Killer robots on the loose: Gog and Magog!
If science fiction enthusiast bemoan the exclusion of visionary producer George Pal from discussions about pioneers of the film genre, then they should be doubly as wronged over the fate of the now almost forgotten Ivan Tors. If Tors is remembered today, it is mainly as creator of the Flipper franchise and other family-friendly animal shows. But in his own way, Ivan Tors was just as visionary a science fiction producer as Pal in the fifties, albeit working with significantly lower budgets. His main claim to fame within sci-fi is his movie trilogy about the fictional OSI, or Office of Scientific Investigation, a sort of precursor to the X-Files, without the new-age mumbo-jumbo and lacking in aliens. Gog was the final film in the OSI series, and probably the most ambitious one. Continue reading
(1/10) In a nutshell: One of the true bottom-feeders of the cold war propaganda films, this movie depicts five people who oppose the universal draft seeing USA invaded by the Soviet Union. Despite good talent both behind and in front of the camera, this startlingly dumb movie is singularly boring and consists to a large part of military stock footage and five people talking in a bar. Worth watching perhaps only because of Dan O’Herlihy of Robocop fame and the fact that it features two Lois Lanes.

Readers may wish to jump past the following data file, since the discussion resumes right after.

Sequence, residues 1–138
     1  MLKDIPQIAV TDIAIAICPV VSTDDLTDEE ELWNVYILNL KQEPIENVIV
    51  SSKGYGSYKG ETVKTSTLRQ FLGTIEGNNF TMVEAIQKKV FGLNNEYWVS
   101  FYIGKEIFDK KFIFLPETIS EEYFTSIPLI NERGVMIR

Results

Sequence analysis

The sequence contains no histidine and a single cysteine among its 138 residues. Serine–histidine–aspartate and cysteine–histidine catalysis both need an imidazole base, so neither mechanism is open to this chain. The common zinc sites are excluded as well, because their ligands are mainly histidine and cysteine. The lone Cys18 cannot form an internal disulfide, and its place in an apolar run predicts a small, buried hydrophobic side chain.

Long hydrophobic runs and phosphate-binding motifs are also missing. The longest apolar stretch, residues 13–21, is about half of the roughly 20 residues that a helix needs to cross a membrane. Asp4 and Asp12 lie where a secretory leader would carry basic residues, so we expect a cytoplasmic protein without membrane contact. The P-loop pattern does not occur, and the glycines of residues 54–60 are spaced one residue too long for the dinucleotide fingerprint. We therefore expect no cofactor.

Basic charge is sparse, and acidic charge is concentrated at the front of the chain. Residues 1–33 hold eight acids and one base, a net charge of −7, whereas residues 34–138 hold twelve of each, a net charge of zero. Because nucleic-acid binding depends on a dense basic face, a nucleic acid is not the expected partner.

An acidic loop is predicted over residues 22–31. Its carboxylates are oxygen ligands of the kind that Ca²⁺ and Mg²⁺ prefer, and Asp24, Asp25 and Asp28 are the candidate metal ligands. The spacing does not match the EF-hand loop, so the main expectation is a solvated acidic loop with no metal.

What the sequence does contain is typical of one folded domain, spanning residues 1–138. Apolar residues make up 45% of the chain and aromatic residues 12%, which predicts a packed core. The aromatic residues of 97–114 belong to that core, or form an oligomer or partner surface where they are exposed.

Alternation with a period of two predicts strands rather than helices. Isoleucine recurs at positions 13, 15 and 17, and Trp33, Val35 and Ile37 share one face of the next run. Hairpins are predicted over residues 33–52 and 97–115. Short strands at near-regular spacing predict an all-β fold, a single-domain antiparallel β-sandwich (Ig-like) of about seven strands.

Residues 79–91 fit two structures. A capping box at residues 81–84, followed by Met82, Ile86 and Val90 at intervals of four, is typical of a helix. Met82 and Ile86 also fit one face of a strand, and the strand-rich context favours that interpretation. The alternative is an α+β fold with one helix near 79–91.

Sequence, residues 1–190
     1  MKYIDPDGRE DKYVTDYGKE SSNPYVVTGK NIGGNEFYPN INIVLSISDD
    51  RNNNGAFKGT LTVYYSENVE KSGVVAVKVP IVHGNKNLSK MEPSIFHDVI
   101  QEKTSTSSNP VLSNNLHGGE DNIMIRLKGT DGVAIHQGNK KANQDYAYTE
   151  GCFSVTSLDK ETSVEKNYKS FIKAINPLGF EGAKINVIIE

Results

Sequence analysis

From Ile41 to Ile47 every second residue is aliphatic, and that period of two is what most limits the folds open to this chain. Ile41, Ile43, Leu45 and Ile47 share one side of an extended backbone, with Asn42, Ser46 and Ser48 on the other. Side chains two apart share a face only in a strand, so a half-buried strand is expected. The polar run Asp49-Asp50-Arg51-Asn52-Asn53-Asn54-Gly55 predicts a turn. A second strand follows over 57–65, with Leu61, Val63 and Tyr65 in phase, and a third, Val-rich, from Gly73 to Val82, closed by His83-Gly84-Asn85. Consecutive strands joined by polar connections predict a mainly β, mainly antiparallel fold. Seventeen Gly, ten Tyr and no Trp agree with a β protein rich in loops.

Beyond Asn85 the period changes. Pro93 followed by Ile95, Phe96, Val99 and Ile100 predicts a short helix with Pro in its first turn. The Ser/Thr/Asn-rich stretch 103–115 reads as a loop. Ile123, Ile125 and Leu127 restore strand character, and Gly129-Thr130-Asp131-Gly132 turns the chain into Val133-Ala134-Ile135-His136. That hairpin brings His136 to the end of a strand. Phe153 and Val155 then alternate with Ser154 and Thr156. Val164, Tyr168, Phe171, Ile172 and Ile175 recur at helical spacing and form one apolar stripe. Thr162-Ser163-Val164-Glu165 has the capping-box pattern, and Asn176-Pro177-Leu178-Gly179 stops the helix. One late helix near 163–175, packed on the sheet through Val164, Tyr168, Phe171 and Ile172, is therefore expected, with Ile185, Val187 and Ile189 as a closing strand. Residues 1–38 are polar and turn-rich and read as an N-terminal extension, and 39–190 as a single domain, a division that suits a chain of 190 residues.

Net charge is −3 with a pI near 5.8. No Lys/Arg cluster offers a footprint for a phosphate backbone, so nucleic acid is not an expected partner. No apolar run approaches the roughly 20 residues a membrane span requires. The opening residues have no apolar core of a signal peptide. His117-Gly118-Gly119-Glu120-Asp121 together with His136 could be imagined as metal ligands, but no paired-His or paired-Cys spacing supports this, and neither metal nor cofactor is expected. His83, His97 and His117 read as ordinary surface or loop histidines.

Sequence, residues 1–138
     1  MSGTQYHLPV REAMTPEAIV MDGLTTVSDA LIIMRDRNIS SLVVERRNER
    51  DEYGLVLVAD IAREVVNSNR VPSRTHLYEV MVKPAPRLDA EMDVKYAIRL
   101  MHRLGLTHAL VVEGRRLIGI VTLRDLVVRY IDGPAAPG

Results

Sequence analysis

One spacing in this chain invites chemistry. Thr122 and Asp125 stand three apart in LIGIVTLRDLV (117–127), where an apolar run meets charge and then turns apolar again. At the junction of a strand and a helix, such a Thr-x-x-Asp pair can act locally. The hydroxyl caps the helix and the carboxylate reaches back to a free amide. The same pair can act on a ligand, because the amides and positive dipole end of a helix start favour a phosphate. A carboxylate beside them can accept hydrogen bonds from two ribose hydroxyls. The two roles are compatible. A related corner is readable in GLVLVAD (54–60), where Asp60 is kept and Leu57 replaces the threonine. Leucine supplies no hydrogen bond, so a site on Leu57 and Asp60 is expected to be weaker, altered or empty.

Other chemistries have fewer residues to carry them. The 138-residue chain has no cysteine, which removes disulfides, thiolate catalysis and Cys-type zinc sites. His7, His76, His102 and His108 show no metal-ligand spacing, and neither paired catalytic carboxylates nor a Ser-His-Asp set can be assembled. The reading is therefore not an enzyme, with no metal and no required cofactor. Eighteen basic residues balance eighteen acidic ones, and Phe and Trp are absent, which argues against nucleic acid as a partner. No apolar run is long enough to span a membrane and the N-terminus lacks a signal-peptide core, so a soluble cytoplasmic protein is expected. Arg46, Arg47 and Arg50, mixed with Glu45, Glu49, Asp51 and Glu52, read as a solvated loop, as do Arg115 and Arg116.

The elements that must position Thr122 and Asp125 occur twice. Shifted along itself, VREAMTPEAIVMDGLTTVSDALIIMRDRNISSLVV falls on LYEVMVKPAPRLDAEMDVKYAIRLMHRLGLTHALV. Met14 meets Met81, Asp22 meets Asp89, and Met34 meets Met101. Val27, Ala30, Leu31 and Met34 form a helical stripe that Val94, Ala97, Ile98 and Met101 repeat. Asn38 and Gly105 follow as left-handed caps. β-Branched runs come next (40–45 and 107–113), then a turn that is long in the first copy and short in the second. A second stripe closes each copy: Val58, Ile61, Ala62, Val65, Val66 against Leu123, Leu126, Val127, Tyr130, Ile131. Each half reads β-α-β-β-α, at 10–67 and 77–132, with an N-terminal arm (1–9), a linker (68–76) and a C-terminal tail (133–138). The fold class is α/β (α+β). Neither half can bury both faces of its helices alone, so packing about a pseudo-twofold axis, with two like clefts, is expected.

Invasion U.S.A. (1952). Directed by Alfred E. Green. Written by Robert Smith & Franz Shulz. Starring: Gerald Mohr, Peggie Castle, Dan O’Herlihy, Robert Bice, Tom Kennedy, Wade Crosby, Phyllis Coates, William Schallert. Produced by Robert Smith & Albert Zugsmith for American Pictures. IMDb score: 2.5
New York City getting bombed in Invasion U.S.A.
Let’s be clear about one thing: Glenn Erickson of DVD Savant is one of the most brilliant film critics on the internet. But sometimes I am completely flabbergasted by his judgement – like when he uses words like ”well-handled”, ”neatly structured”, ”clever” and ”excitingly assembled” about a film that the rest of humanity agrees is a big giant pile of turds. This film is Invasion U.S.A. To Erickson’s defense, he also calls it ”one of the weirdest political films ever made”, writes that it reaches ”the heights of camp hilarity” and that it is hard ”to be sillier than this movie”. Continue reading